“It was four o’clock in the afternoon on 25 August. Suddenly they attacked. The [vigilante militia] was wearing army uniforms. They were shooting everyone and burning the houses; these were the targets of the Myanmar government. I was running in the yard of my house from the army but an army sniper shot me in the foot and I fell down; the army thought that I had died so they left me. When I opened my eyes, I saw lots of dead bodies; my friend Shokil, who was 27 years old, was killed.”
Moved during the night by two fellow survivors, who carried the wounded Islam on a wooden pole between them, he said they encountered village after village where corpses were strewn about. It took the trio two terrifying days to cover the 70km to the Naf River, which marks the border with Bangladesh, and cross to safety.
On arrival in the forest reserve on the outskirts of the southern Bangladeshi town of Ukhia, the tens of thousands of Rohingya refugees initially had to live under the stars, taking their chances with snakes and elephants that killed several. Of the 700 000 survivors who settled in three big refugee camps such as Kutupalong and 10 smaller ones, Unicef estimates that 60% are children.
The camp is dotted with “child-friendly spaces”. I visit one, where perhaps 50 children squat on the floor in clusters. Among the scattered smiles there are hard eyes and faraway stares. Everyone here seems to have scarred hearts or bodies.
One of the few elders in the camp, Noor Bashir (56) had a narrow escape: he lifts his bazu shirt and longyi to show me the machete wounds on his legs and right hip.
An August 2017 documentary by Al Jazeera correspondent Salam Hindawi, who managed to get inside one of the concentration camps in Rakhine State, shows Rohingya women gang-rape survivors in tears as they recount witnessing their husbands being taken away by the military to an uncertain fate.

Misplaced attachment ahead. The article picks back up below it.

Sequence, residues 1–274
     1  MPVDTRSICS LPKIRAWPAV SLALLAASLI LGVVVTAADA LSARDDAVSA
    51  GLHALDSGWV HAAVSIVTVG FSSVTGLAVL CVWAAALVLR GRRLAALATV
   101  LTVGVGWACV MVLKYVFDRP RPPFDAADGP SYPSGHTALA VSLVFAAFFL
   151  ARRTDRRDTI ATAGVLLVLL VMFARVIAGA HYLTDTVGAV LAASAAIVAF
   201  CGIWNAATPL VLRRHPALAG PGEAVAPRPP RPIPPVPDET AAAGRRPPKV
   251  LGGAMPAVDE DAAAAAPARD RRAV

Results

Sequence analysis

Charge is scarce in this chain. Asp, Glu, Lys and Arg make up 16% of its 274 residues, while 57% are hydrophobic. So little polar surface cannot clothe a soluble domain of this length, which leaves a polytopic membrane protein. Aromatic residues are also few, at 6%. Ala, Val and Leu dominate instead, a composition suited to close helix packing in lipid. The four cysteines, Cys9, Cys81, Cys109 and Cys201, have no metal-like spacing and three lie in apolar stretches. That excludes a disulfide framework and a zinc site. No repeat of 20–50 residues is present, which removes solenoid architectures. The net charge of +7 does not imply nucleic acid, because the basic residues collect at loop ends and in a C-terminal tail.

Days earlier and 330km north-northwest, I had been sitting in the modest office of Bangladesh’s deputy director general of immigration. She plied me with tea and mishti sweetmeats as her minions processed my visa extension application. Stacked high on the desks of offices below were applications from hundreds of Chinese and Indians as well as Belarussians and many other nationalities, but no Rohingyas. Bangladesh has not granted them refugee status. Even the pre-genocide community of 400 000 who fled repression two decades ago is unassimilated, disallowed from travelling, schooling or marrying Bengalis.
Now the monsoon season threatens the lives of an estimated 100 000 survivors: though the aid organisations have built concrete stairs, water tanks and woven-bamboo, plastic and corrugated iron shelters for the Rohingya, these are unlikely to withstand cyclone-force winds and mudslides.
That my interviews take place on the 70th anniversary of the still unresolved dispossession of 700 000 other Muslims — those of Palestine in 1948 — make the Rohingyas’ appeals for the full reinstatement of their citizenship and homes that much more poignant — and desperate.